It’s tempting to put off your dreams on the assumption that you haven’t built a good network, but guess what? You’ve already got one. Yep. If you have a mama, you have a network. A best friend, a hubby, a coworker … while it might seem that these people don’t “count,” they are actually key players in your network, able to not only cheer-lead your work, but introduce others to it as well. Your network will mature as your business does, so don’t wait.

9. Your Idea Won’t Get More Unique If You Wait

Wanting a truly original idea that no one has ever thought of before is, well, unoriginal. We all want that, but the truth is, most ideas have been had. Get over it. If what you’ve got to offer is good, then you don’t have anything to worry about. And if it is particularly unique, you don’t want to give someone else time to come up with it.

10. You Want To, Right?

This is your dream, isn’t it? If so, there’s no point in waiting to get older, more fearful, less engaged and more embittered. Instead, embrace your passion in its springtime, when you’re still full of enthusiasm and verve. Get all those good ideas out where people can see them. Only then will you gain confidence, get better and really start to live that dream.

Featured photo credit: photographer photography digital camera dslr camera/PublicDomainArchive via pixabay.com

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Last Updated on March 25, 2020

How to Set Ambitious Career Goals (With Examples)

How to Set Ambitious Career Goals (With Examples)

Taking your work to the next level means setting and keeping career goals. A career goal is a targeted objective that explains what you want your ultimate profession to be.

Defining career goals is a critical step to achieving success. You need to know where you’re going in order to get there. Knowing what your career goals are isn’t just important for you–it’s important for potential employers too. The relationship between an employer and an employee works best when your goals for the future and their goals align. Saying, “Oh, I don’t know. I’ll do anything,” makes you seem indecisive, and opens you up to taking on ill-fitting tasks that won’t lead you to your dream life.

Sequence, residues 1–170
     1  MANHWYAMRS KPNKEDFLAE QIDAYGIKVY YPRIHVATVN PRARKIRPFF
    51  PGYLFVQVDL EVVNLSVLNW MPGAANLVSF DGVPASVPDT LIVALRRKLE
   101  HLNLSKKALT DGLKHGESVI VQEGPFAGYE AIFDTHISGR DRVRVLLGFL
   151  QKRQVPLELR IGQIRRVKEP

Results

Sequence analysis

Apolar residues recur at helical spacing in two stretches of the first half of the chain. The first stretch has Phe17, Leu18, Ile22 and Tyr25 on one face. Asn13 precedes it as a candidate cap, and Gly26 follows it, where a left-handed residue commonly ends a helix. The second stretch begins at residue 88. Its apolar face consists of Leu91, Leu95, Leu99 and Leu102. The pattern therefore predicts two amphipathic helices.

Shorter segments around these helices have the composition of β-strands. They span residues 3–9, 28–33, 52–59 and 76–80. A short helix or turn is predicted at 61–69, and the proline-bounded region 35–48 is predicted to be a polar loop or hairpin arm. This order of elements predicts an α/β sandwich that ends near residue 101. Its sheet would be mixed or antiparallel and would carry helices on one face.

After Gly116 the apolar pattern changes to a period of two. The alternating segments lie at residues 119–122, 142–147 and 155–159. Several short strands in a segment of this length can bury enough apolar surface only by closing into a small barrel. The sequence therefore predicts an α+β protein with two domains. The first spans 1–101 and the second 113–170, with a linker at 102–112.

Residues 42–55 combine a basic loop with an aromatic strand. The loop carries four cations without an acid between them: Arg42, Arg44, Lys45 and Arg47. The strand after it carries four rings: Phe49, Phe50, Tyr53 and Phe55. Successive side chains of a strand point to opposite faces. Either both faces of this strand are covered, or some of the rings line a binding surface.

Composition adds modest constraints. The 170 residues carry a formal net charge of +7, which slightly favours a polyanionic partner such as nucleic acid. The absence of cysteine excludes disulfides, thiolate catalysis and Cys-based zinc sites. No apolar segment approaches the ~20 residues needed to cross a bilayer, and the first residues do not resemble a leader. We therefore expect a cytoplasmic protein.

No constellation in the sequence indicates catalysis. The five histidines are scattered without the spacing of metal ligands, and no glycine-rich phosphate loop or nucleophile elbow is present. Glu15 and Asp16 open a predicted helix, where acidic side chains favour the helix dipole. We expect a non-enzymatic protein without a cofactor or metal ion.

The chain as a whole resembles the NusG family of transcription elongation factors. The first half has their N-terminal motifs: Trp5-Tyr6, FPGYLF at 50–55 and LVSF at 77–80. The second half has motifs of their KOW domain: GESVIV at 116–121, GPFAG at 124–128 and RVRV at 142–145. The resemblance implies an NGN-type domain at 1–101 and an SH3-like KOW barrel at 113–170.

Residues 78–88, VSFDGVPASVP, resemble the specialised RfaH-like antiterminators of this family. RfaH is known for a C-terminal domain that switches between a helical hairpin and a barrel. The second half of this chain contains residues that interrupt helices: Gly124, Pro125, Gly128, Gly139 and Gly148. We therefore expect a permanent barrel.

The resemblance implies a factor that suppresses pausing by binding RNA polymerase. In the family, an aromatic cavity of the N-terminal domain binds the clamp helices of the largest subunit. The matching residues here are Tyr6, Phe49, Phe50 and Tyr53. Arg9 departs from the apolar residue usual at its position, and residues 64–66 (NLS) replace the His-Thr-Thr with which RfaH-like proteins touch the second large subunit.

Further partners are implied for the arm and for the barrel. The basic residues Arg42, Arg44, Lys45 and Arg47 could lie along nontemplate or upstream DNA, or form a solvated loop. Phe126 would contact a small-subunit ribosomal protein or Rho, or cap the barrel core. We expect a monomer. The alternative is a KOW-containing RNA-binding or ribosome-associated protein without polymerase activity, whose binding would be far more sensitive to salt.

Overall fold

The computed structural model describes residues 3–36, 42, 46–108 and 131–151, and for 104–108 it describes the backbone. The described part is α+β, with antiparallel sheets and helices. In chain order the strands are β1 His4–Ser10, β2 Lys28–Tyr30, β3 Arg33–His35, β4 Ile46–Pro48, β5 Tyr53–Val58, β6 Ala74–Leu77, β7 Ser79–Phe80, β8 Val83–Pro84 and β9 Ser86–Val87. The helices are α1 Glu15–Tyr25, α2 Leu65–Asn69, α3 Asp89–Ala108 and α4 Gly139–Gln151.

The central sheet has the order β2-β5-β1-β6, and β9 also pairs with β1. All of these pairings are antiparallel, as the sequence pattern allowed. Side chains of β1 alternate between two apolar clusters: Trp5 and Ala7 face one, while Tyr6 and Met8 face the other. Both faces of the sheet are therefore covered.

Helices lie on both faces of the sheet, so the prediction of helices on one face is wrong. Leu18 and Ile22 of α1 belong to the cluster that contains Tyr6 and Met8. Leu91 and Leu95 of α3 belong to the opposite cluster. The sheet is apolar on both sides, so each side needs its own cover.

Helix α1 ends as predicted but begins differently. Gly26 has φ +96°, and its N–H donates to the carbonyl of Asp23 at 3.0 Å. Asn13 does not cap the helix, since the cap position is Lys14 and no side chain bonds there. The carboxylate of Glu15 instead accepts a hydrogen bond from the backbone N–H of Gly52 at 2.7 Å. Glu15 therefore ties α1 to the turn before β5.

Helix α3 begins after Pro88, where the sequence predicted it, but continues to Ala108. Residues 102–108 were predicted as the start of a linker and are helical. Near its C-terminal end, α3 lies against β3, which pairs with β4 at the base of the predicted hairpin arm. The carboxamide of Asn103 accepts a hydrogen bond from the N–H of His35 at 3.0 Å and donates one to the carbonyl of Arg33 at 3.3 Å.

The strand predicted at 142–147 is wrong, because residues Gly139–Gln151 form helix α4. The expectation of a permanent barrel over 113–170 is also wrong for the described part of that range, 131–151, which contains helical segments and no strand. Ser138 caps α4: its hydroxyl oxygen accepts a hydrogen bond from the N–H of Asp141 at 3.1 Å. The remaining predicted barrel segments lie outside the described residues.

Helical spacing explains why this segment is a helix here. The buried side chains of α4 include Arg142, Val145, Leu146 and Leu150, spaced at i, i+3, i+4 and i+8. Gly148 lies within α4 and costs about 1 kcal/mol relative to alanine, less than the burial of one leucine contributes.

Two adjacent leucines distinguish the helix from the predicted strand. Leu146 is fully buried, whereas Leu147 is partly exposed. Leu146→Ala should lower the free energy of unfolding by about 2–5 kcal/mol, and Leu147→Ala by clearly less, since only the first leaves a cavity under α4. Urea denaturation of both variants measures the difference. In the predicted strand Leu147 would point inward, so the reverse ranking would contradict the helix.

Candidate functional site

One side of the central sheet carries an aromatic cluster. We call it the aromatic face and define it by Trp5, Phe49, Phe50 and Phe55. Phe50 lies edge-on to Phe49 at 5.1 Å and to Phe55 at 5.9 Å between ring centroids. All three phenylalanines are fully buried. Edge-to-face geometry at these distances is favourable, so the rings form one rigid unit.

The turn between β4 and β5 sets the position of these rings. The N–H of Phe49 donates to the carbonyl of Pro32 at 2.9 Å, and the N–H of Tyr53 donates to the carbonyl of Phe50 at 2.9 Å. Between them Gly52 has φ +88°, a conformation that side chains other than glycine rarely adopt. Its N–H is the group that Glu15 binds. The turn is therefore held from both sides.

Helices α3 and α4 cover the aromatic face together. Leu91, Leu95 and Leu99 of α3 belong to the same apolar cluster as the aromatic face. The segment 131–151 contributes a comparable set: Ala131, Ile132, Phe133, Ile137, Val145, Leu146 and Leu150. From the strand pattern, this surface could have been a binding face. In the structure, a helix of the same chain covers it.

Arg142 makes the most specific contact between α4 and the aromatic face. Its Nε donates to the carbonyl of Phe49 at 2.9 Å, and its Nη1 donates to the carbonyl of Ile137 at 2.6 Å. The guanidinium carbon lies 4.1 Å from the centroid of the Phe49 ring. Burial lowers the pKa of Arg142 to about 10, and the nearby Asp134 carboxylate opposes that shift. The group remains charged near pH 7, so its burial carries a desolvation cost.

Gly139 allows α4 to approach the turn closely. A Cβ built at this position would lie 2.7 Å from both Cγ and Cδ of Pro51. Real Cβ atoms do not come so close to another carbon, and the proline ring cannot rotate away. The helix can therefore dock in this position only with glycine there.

Career goal templates’ one-size-fits-all approach won’t consider your unique goals and experiences. They won’t help you stand out, and they may not reflect your full potential.

In this article, I’ll help you to define your career goals with SMART goal framework, and will provide you with a list of examples goals for work and career.

How to Define Your Career Goal with SMART

Instead of relying on a generalized framework to explain your vision, use a tried-and-true goal-setting model. SMART is an acronym for “Specific, Measurable, Action-oriented, Realistic with Timelines.”[1] The SMART framework demystifies goals by breaking them into smaller steps.

Helpful hints when setting SMART career goals:

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  • Start with short-term goals first. Work on your short-term goals, and then progress the long-term interests.[2] Short-term goals are those things which take 1-3 years to complete. Long-term goals take 3-5 years to do. As you succeed in your short-term goals, that success should feed into accomplishing your long-term goals.
  • Be specific, but don’t overdo it. You need to define your career goals, but if you make them too specific, then they become unattainable. Instead of saying, “I want to be the next CEO of Apple, where I’ll create a billion-dollar product,” try something like, “My goal is to be the CEO of a successful company.”
  • Get clear on how you’re going to reach your goals. You should be able to explain the actions you’ll take to advance your career. If you can’t explain the steps, then you need to break your goal down into more manageable chunks.
  • Don’t be self-centered. Your work should not only help you advance, but it should also support the goals of your employer. If your goals differ too much, then it might be a sign that the job you’ve taken isn’t a good fit.